What type of content do you find works well on Instagram and what not so much?
In terms of content I try to mix up my photo posts with images of in store, behind the scenes and a little of what I love myself. I think it’s a good idea to have a mix so that my followers get to know me and perhaps feel some connection to the things I am making, collecting or selling.
"I am a visual person so I love seeing beautiful well executed photos on Instagram myself and so I always try to take the best image I can to represent whatever it is I am wanting to communicate."
And what types of marketing have you tried and found didn’t work so well?
Interestingly I haven’t had a huge lot of success from paid advertising I have done in mainstream magazines. I tend to gauge success of these sorts of things on how many people walk in the door and say – I saw you in this or that. Having said that though I have recently had a lot of new visitors to the store through my ad in a new little free monthly guide ‘Best of Ballarat’, it seems that this is reaching a slightly new audience that are either just finding out about the store now or have known about it and are inspired to visit as they now know where it is!
If you could give one marketing tip from your experience, what would it be?
"Spend time creating fabulous photographs of your own unique brand and product and then use these to showcase your business through every means possible – particularly free opportunities using social media. I think the better your images the more likely you are going to capture people’s attention."
What are some of the challenges you've experienced, or continue to, in running your own business?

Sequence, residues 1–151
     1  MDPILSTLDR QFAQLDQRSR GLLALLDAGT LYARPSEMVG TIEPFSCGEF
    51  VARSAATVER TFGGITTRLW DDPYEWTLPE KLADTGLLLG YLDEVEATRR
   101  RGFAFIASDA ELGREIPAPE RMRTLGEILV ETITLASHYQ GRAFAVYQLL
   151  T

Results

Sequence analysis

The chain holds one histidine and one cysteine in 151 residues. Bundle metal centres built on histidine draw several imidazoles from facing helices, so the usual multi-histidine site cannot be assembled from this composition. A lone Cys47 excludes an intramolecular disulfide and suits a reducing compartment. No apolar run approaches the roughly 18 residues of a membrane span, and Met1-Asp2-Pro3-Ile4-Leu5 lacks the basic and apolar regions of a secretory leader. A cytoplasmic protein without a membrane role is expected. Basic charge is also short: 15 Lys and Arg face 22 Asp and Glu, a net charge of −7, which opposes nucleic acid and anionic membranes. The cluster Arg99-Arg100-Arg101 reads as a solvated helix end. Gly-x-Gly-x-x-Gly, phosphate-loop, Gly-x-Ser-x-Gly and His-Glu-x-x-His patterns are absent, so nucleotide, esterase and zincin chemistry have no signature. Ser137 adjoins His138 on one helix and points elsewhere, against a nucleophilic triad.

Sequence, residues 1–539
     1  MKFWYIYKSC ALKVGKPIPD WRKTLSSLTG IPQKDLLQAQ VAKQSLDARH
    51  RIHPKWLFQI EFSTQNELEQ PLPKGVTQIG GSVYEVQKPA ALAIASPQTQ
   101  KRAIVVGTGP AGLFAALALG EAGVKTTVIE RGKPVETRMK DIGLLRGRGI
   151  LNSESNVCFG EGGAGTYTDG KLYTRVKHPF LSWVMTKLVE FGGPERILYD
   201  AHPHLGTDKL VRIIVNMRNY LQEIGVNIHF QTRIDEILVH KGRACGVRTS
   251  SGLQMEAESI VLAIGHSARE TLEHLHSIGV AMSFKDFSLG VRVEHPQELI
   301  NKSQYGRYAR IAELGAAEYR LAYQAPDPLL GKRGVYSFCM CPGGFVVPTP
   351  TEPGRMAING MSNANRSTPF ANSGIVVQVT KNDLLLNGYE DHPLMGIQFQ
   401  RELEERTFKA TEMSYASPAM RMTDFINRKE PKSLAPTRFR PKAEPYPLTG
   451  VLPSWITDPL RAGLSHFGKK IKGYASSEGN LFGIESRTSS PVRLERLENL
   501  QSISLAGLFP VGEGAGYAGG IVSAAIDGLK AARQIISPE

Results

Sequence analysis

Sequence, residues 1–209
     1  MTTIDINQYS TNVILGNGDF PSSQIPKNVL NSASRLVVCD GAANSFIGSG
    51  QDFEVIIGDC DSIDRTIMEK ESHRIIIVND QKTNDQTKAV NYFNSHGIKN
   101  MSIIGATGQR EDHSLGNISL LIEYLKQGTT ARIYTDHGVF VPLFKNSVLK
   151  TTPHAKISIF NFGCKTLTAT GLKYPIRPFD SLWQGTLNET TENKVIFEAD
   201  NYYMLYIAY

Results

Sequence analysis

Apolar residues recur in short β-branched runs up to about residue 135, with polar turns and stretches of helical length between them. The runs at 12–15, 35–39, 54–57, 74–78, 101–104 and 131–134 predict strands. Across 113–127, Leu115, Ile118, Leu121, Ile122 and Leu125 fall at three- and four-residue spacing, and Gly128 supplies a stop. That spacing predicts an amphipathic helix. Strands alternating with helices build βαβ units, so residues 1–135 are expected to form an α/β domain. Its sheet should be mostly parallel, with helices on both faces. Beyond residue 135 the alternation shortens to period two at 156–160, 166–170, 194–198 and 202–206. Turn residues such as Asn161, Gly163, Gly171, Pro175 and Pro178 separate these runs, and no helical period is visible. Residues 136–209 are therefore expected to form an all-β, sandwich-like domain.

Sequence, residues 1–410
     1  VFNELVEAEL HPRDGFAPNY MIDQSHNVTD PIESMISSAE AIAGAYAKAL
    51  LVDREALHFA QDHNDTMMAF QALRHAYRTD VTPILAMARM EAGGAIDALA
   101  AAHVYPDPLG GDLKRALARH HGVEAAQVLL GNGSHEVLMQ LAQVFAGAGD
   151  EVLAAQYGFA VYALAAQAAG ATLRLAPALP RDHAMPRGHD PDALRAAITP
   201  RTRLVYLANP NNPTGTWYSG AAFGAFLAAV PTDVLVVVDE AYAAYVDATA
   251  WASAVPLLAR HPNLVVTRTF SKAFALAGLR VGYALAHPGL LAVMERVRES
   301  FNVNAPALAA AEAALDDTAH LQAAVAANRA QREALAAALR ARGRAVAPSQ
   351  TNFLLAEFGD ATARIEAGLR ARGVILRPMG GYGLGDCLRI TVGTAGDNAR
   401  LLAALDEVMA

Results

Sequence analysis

Even though I have lots of help and a fabulous team of creatives around me - I am pretty well Chief, Cook and Bottle washer when it comes to managing most aspects of my business. I make lots of the things I sell, do all my own book keeping, stock ordering and management, social media and website management, packing and shipping online orders, merchandising in store, the list goes on and on. Challenges I have encountered over the years mainly centres around time and having enough of it to do everything I’d like to do and managing the business as it grows. There’s never enough time!
And what are your greatest rewards?
I absolutely love meeting like-minded visitors to the store, at the markets or through social media – hearing about what they like to make, collect or just getting to know them over time.
"The relationships and friendships that crafty women in particular forge over common interests are just so special. It’s like being part of a big fun gaggle of women who love sharing their creative passion over a laugh and a piece of fabric!"
What’s in the works for The Crafty Squirrel in the near future (I see you're starting crafty tours of Tokyo - wow!!!)
I think the craft tours of Tokyo have already taken on a life of their own! In terms of other aspects of my business – it really centres around the many ideas I have for new products I’d like to make, stock I’d like to source for the store and overseas travel I’ll need to do to accomplish that!